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How to deal with culture shock


Depending on where you travel, you might end up feeling overwhelmed by a sensory overload of new sights and experiences. Rather than retreat from the differences, here are some tips on how to embrace them and use them to help enhance your trip.

Confused tourist

Read up on where you’re going

Be prepared for what to expect by reading up on your destination before you leave. The more you know about where you’re going, the less you’ll be surprised by when you get there. Find out about customs, religion, food and history to have a better handle on what type of experiences you might have. The more you know about where you’re going is generally a great way to enrich your travel experience.

Take it slow

You don’t need to love where you are right away. Falling immediately in love with a destination is great, but some places need to grow on you, especially if they’re very different from vacation spots you’re used to. For example, if you’re used to major cities, recognizable food and efficient transportation systems, you might have to work harder to get to know a place that doesn’t necessarily match up. Slow down, accept that you might be challenged by the trip and use the challenge as an opportunity to learn and grow as a traveler.

Talk to people who have been there

Going somewhere you’re a little apprehensive about? Seek out someone who has been there, whether this person is a friend of a friend, co-worker or an old acquaintance you still see pop up on Facebook. He or she can answer your questions, appease your fears and help you to prepare for what to expect.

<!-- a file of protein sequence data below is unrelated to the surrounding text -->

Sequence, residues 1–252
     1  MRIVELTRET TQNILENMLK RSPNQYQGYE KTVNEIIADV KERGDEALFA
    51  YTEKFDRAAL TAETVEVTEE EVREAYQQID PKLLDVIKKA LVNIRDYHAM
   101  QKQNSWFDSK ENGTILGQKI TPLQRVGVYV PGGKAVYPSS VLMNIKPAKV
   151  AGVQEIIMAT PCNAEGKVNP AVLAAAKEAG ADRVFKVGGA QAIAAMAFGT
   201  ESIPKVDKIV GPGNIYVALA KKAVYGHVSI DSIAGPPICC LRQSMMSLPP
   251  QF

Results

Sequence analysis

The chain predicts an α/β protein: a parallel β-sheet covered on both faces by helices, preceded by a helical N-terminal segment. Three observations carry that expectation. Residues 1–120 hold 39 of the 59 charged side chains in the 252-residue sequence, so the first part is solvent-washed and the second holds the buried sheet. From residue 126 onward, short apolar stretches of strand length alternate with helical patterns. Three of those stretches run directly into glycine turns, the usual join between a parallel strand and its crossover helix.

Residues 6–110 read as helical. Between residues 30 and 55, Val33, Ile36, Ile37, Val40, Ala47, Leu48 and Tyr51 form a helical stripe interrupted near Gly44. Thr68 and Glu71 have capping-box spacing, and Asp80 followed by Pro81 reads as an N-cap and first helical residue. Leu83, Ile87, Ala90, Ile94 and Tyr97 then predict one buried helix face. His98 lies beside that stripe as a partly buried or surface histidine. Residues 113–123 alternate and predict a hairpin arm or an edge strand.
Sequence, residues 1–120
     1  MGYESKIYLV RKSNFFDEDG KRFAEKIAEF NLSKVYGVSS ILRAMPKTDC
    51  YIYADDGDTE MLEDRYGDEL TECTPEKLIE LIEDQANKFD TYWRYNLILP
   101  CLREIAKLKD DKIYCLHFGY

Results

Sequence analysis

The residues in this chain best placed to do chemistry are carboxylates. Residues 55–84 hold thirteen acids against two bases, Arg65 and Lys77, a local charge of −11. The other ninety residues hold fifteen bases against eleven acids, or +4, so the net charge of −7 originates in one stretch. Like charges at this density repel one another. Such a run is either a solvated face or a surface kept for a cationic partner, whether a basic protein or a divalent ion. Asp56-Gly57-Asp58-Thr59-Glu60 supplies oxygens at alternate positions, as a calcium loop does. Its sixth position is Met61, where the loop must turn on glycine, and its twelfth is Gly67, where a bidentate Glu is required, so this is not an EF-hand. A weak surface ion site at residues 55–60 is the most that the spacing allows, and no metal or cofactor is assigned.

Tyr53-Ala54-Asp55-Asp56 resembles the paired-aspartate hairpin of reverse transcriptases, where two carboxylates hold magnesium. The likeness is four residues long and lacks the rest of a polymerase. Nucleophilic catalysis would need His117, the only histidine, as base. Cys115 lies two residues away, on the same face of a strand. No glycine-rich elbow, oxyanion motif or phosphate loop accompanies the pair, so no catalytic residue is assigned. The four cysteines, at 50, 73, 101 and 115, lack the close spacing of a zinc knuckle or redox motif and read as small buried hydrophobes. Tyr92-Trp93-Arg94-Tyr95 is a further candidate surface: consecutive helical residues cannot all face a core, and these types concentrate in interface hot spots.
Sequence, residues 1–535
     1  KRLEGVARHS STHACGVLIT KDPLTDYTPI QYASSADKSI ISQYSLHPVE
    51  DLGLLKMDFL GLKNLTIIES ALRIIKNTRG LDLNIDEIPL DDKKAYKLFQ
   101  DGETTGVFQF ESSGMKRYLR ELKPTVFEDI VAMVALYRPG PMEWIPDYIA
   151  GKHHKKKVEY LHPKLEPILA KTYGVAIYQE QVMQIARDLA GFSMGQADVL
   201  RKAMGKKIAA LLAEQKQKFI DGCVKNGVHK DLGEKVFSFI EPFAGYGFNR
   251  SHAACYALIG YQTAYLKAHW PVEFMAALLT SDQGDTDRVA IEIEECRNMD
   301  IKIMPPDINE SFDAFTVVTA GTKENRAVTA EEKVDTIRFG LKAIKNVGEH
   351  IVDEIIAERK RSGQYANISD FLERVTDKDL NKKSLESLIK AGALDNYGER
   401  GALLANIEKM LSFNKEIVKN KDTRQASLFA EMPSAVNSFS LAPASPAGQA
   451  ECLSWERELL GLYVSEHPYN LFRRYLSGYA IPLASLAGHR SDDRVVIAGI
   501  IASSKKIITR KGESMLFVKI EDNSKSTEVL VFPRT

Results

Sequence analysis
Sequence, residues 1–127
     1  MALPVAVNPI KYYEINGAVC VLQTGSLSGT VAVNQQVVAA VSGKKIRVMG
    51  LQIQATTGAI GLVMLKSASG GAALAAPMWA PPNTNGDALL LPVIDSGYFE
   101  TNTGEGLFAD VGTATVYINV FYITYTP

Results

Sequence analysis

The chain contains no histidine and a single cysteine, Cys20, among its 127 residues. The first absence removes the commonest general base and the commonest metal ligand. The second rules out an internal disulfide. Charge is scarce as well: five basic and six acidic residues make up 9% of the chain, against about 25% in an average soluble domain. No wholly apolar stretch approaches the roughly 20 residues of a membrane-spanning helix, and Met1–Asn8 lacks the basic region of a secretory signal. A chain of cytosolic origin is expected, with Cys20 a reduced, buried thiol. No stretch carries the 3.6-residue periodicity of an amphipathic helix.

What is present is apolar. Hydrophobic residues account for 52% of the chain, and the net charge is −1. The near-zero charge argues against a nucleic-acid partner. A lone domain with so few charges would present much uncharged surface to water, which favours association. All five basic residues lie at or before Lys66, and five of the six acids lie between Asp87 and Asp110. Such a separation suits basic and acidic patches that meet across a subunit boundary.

Befriend a local

Much like talking to someone who has been there before can be helpful, so can getting to know a local, whether this is someone you meet at your hotel or the person working at the restaurant you’ve been having breakfast at. Locals can show you another side of a city and help you understand a new culture better than if you were on your own. Not to mention, locals can also introduce you to hidden gems you might not have discovered, which can further increase your comfort level and enjoyment.

Find one thing every day that you like

If you’re having trouble adjusting, don’t focus on what you don’t like about the place. Each day make it your goal to find one thing you like — a new food you tried, a great picture you were able to snap or a unique attraction you’d be unlikely to see anywhere else. The more you look for the good things, the less you’ll feel compelled to focus on what you aren’t sure about, what you don’t like or what you’d rather not deal with.

Be curious

The best way to move past culture shock is to be curious. After all, travel is about learning new things about other people and other cultures, so embrace that aspect of the journey. If there’s something you don’t understand, ask about it. Talk to locals, read up online and explore rather than sticking to the things you know. The more curious you are, the more fun you’ll have, and you’ll get more out of your trip.

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